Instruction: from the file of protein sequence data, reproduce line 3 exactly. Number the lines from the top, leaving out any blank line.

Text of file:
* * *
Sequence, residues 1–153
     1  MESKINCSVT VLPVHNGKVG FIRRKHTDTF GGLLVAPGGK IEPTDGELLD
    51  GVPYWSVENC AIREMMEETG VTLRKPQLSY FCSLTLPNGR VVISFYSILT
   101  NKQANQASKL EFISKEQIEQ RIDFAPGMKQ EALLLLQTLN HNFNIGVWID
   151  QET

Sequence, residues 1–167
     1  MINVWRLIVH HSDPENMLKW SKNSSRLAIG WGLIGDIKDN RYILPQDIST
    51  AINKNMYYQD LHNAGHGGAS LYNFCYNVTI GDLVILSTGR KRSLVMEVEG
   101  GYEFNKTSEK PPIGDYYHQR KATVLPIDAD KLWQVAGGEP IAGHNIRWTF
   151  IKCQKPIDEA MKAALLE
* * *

    51  GVPYWSVENC AIREMMEETG VTLRKPQLSY FCSLTLPNGR VVISFYSILT